John Forth examines a dark and often funny poetic exposure, by Martin Hayes, of the politics of a soul-less work place

almost-like-menWhen We Were Almost Like Men
Martin Hayes
Smokestack Books, 2015
ISBN 9780-9929581-0-7
130pp    £7.95

 

It’s possible that Martin Hayes has invented English Institutional Verse. Anyone who thinks we need more myth like a hole in the head is probably in the wrong place – a courier company whose people are supervisors, controllers, riders, mechanics, telephonists and a curiously pampered bunch from Sales & Accounts. The blurb calls it ‘The Inferno’ scripted by David Brent and Charles Bukowski, but you’d be forgiven for thinking it might be ‘Lord of the Rings’ by the Marquis de Sade:

between 5 and 7 every afternoon
and between 7 and 9 every morning
the shifts change

those with bleary eyes walk in
saying nothing
and those with bright eyes
walk out
saying that there’s a whole heap of shit
to sort out

but because this happens on a rotational basis
no one ever has bleary eyes for too long
or bright eyes
for long enough
.                                [‘rotating weathers’]

A lot of it is Gormenghast-gone-large, with Horse the mechanic, Harry the supervisor, Robbie the 24-stone right-hand man and Janet the telephonist; but there’s a sense in which nearly everyone’s workplace is visited, like the one Fred Voss took to pieces when he wrote Democratic atmosphere is one thing; actually giving us a voice is another. It’s where a personnel brochure costs more than the new PCs that would make their lives easier (‘addressing the problem’). You learn of the two kinds: the people and non-people, the latter being those who’ve learned not to care in the way that Horse doesn’t care (‘on Horse’).

What’s common-to-all in the new pragmatism is that ‘characters’ are being replaced by machines, and some of the things making lives bearable are under threat. In the title-poem, the hair-raising antics of those who had cars were stopped when spaces in the small car-park were given over to Sales staff. Since ‘progress’ dictates that machines always cost more than the characters, the latter become expendable and are not always wise or efficient anyway. Hence the lot of non-people is fixed while for those in the new Sales & Accounts building the carpet just gets deeper:

…they have an air conditioning system
that never lets the temperature drop
from a cool solid 24-degrees
and that they have a water-cooler and a coffee machine
and that it is populated by perfect-looking people
dressed in suits
who walk around on £28 pound per yard gun-metal grey carpet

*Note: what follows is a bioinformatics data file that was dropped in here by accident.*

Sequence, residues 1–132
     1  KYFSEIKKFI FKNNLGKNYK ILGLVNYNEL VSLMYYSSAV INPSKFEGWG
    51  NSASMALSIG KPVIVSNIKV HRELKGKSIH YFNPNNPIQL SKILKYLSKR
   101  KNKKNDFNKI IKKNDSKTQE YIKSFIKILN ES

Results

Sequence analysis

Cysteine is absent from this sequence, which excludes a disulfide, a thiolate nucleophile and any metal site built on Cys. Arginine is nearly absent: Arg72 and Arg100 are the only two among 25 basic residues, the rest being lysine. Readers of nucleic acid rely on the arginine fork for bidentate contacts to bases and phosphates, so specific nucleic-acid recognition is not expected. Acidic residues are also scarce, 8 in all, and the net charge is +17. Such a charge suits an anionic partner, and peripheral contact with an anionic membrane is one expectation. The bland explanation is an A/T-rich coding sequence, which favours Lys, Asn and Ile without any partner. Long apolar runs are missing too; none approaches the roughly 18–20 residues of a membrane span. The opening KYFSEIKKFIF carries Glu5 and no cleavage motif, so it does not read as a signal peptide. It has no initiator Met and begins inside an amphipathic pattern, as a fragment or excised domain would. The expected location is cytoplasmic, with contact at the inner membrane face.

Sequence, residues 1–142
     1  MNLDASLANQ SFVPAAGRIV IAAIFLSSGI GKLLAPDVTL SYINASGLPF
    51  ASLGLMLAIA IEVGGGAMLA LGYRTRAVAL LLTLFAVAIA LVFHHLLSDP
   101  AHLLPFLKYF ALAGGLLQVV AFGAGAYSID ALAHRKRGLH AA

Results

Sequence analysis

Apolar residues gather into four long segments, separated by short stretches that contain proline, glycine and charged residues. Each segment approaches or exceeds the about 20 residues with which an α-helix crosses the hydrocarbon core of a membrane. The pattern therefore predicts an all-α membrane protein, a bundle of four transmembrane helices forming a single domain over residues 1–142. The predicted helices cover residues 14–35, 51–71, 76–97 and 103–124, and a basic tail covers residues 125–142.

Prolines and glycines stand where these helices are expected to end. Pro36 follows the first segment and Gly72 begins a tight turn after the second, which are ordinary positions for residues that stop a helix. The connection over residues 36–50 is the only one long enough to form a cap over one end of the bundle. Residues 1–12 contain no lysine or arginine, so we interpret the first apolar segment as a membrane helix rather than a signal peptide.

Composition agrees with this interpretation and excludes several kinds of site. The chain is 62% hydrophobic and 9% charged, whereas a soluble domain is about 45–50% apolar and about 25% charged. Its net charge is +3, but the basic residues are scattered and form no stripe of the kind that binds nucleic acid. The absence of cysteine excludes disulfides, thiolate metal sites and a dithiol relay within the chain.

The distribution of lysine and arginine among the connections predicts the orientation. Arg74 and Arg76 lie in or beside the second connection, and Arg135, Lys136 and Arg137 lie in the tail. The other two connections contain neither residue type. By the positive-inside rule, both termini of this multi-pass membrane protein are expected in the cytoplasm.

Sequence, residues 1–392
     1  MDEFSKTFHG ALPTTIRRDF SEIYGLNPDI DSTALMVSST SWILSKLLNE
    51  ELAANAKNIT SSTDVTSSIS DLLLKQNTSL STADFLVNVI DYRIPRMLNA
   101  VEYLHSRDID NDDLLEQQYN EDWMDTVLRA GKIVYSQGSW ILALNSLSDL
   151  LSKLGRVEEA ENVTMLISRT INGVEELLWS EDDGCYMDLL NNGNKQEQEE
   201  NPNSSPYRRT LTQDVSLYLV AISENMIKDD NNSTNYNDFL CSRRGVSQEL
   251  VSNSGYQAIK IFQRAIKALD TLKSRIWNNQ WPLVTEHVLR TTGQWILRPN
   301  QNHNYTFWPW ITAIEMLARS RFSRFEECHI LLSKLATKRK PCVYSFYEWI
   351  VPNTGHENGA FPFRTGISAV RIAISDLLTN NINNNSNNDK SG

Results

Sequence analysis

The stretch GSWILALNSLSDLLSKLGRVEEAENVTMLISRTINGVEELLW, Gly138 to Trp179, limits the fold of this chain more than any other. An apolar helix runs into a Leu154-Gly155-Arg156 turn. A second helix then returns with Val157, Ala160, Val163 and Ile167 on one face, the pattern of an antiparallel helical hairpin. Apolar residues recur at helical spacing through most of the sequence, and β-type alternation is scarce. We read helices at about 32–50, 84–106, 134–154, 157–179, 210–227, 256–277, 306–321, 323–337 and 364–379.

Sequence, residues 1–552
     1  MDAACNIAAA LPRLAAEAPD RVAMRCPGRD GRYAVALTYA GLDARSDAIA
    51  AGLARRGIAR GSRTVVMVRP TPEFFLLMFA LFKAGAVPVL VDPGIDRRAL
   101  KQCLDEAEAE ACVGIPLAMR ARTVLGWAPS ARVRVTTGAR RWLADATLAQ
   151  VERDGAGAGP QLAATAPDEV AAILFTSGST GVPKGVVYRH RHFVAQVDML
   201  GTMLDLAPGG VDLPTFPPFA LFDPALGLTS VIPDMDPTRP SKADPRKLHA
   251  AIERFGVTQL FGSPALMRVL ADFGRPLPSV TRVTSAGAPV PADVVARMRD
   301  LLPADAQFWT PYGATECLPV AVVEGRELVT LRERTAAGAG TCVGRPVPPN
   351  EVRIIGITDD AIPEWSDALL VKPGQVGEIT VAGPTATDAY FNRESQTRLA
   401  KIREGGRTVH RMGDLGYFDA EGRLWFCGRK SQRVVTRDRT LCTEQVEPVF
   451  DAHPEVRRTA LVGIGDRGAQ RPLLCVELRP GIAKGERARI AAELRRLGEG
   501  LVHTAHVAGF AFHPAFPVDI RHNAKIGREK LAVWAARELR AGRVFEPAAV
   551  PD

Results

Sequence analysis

surrounded by forgiving apricot-coloured walls
under sunken spotlights.
.                                     [‘the new church across the road’]

Think of lotus-eaters. The machinery, luxury and ‘celebrity’ are undermined by the harmless word ‘forgiving’ that turns out, sadly, to be only what the walls do. A nose-pressed-up-against-the-window helplessness works best when it’s allowed to sneak up on you and, like Voss before him, Hayes is only making you laugh when he’s not making you sad. He’s good at penetrating the surface of real events, exposing layers of meaning that drive ordinary people to keep warm by the false heat of a workplace ethic. It’s as deep as you want it to be, and it’s often funny (but not always), being at its best if the narrator keeps what’s left of his innocence by not getting involved.

This is especially the case towards the end of the collection when stories darken, the walls of the corporate prison close in and work becomes a threat to life and sanity while the de-humanising effect of pranks infects jokers and victims alike. The word soul-less has become a cliché in describing some jobs but a lot of skill is needed to explain and re-enact what it means. It’s a big book at 130 pages and it contains nearly all the poems in Hayes’ Redbeck collection of 2002. Years later it’s still the case that no outsider can fathom how to live in a place like ‘Phoenix Express’ or how to cope with the iniquities of office-politics and the crazy waste of lives and resources. I’m reminded that I once worked with a man whose key-to-happiness was ‘never lose sight of the goal in your desire to kick the full-back’. The poems that manage this are the ones that best succeed.

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John Forth was born in Bethnal Green and recently retired from teaching English after thirty-odd years. He has published four poetry collections (Malcontents in 1994, A Ladder & Some Glasses in 1998 and The Demon’s Phenomenal Filmshow in 2013 when a collection of early work, Spirits of Another Sort, also appeared). A New & Selected is due next year from Rockingham. He has reviewed new poetry for London Magazine and his poems have appeared in a number of journals.